Monday, April 9, 2012

Teaching Students CER (Claim, Evidence, Reasoning)

Two of the most fascinating and useful sessions that I attended had to do with the CER framwork, which stands for Claims, Evidence and Reasoning. I hadn't heard of this framework but now I can't wait to start incorporating it into my science units, as well as sharing it with the upper elementary science teachers. CER works very well if you are already using science notebooks. It is a way to get students to think about their scientific inquiries or projects and support their conclusions. It just makes sense to me. Why shouldn't we be explicitly teaching our elementary students to argue their point and back it up with evidence? According to the presenters (K. McNeill from Boston College and P. Pelletier from Boston Public Schools), the reasoning piece typically is not introduced until 3rd grade, but they did showcase how second graders completed a worksheet with the just the claims and evidence pieces.

 In this month's issue of Science & Children (an NSTA publication), the feature article is titled "Engaging Students in Scientific Practices of Explanation and Arguementation." It goes on to to explain how we must move away from teaching each scientific concept in isolation and instead provide students with a framework to discuss and apply how core areas of science are related. Using the CER framework is one way to support students in developing theses critical thinking skills, which in turn can be applied across subject areas. Just think how being able to make an argument in science would help a student with a reader's response or a word problem in math.

Student generate chart describing the 3 parts of scientific exploration.
The second presentation was perhaps the best that I attended because it was so practical. A team of teachers ranging from K-4th grade discussed how they use claim and evidence structure in their science lessons. I saw how they took the very research that McNeill and Pelletier discussed in their session and applied it to all levels of elementary grades. The best part of their presentation is that they shared actual videos of them using this technique in their classrooms. Each teacher also brought their graphic organizers from the lesson for us to see.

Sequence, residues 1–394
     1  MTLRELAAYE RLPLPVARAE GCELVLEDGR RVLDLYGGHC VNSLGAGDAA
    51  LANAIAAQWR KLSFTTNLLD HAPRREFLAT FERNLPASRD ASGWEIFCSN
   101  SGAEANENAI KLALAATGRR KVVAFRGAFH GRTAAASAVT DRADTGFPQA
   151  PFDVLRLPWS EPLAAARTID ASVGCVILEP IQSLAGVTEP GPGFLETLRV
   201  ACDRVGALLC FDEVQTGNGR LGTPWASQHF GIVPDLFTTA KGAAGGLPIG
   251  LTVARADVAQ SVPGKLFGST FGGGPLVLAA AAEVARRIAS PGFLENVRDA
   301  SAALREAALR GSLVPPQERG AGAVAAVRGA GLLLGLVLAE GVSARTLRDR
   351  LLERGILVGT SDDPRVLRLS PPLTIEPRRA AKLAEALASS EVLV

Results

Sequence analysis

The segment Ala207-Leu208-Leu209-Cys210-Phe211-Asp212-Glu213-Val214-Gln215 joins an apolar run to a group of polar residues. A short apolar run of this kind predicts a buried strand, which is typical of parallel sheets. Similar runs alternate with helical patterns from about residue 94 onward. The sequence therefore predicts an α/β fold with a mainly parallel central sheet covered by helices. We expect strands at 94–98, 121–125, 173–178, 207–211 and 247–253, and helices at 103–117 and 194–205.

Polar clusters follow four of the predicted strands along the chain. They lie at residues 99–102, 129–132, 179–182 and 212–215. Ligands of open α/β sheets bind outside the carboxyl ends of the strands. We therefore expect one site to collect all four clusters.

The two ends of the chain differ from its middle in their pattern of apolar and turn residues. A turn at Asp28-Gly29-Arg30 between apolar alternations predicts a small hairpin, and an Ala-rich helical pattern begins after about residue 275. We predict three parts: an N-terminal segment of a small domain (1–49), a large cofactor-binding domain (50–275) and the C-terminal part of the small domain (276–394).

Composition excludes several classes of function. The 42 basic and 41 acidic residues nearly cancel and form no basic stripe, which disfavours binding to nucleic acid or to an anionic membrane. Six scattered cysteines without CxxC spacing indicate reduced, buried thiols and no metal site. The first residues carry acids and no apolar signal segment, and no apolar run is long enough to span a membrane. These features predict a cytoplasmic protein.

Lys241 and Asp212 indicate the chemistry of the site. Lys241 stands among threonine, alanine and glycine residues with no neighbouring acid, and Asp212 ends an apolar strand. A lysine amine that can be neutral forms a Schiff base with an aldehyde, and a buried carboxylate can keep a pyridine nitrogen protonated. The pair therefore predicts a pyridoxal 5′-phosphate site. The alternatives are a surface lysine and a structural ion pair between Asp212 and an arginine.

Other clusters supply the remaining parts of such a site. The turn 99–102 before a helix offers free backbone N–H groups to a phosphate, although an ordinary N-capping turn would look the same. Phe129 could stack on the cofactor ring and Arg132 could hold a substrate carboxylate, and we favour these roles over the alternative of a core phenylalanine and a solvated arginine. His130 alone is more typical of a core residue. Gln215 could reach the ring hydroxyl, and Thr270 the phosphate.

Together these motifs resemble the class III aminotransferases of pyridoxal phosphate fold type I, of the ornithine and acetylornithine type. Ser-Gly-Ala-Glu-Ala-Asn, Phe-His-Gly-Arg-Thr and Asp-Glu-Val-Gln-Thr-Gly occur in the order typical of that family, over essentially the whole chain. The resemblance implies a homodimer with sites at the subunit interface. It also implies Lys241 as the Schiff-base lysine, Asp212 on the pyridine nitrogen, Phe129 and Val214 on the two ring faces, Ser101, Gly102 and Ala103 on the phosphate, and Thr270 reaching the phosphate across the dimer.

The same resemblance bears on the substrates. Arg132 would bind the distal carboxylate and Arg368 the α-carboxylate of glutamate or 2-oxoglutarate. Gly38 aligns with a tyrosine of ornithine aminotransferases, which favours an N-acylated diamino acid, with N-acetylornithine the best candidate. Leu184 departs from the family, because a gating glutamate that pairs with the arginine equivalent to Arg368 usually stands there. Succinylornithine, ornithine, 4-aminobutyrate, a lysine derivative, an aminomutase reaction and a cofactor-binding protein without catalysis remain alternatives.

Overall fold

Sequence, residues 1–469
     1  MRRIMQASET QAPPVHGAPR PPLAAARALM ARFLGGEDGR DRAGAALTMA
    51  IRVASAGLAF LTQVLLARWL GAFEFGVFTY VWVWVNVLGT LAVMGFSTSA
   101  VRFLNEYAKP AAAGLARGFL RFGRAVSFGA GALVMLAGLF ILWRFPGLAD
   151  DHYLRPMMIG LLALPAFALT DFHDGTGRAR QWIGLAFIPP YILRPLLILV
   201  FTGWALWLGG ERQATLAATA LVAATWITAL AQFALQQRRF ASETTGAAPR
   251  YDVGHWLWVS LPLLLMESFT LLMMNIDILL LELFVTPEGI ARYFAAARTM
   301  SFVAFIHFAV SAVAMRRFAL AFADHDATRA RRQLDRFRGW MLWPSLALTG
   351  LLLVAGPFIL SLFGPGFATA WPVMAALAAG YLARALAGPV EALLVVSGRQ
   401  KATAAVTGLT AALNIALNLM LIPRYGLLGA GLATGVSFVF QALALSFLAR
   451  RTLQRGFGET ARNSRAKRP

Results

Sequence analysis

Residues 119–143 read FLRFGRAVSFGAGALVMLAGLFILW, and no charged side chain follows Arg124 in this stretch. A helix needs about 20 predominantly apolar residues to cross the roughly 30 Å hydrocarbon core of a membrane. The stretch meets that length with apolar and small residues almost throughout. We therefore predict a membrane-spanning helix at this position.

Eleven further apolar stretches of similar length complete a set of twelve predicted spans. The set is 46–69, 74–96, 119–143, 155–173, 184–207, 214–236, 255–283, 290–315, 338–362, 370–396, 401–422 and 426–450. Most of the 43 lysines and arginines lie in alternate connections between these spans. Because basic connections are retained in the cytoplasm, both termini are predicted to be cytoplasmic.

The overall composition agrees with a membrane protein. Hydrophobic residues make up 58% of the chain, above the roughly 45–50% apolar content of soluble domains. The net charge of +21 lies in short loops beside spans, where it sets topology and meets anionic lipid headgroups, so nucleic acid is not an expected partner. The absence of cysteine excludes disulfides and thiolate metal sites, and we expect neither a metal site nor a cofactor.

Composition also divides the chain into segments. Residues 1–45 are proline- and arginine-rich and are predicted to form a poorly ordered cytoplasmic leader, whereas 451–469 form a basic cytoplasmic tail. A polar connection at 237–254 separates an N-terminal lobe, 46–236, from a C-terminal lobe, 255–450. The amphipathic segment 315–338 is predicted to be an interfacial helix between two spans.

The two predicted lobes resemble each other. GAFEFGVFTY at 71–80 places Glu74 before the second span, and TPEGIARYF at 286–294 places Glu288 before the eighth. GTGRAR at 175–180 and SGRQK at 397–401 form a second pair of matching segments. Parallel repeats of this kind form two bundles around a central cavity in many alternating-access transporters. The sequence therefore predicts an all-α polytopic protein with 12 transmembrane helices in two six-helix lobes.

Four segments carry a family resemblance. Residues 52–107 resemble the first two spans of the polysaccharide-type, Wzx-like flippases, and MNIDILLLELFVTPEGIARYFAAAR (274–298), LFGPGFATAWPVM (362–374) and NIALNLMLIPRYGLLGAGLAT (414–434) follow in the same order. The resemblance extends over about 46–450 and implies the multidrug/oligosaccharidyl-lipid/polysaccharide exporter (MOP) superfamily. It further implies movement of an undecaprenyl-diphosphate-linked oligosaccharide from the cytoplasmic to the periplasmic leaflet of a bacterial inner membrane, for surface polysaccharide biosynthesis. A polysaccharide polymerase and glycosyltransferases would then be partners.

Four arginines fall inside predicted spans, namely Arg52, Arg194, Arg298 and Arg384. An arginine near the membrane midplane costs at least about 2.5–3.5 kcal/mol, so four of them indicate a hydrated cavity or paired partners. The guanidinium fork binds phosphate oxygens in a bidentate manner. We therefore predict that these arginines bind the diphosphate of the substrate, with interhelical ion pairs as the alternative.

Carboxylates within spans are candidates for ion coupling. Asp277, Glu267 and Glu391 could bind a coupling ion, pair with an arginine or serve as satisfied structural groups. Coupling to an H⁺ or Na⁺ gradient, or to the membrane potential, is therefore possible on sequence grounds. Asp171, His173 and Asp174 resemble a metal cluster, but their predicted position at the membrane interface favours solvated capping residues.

All of the pictures below were part of the presentation entitled, "My worm likes the dark because it ran from my flashlight" - Young Scientists Make Claims Bases on Evidence. Presenter(s): Jessica L. Cowan (Gray's Woods Elementary School: Port Matilda, PA); Kimber Hershberger (Radio Park Elementary School: State College, PA); Judi Kur (State College Area School District: State College, PA)

Kindergarten Example: I Know, I Think, I see, I wonder

This was third grade example. Notice the addition of "Scientific Principles and Words."

Each of the teacher presenters went through a specific inquiry project that they have done in their classrooms. I was impressed with their ability to get kindergarten students to sit in a circle and have a discussion with their science notebooks in hand. Maybe you are reading this and you have expereince with with getting students to construct arguments and evidence-based claims...I'm curious what you think. To me these sessions were a huge wake up call to me that I have not been teaching inquiry-based science. And it has nothing to do with time constraints. It is possible to make this framework fit, regardless on how much time you have to teach science. CER and other similar frameworks will improve your students critical thinking skills, which we all know is a very important aspect to preparing students to be successful members of society.

I just ordered this book, written by some of the authors from the above presentation. Check it out!


Lisa said...

The school I work at has been using CER a lot with the 5th graders. But, to help the upper grades, the lower grades are beginning to use CER as well. I teach 2nd grade and feel almost overwhelmed- wondering if they can successfully complete such a task.
How has it gone for you?

Kate said...

Lisa, I know what you mean. It is an overwhelming task. Honestly, I just try to incorporate it as much as I can, even if it's just some of the language. My school hasn't adopted CER so I have some flexibility. I think its important for the lower grades to start setting a foundation and I think 2nd graders can successfully complete the claim and evidence tasks. I'm doing ALOT of modeling for my first graders. From my understanding based on my NSTA conference sessions, the reasoning portion should be reserved for third grade and up. Thanks for reading and good luck!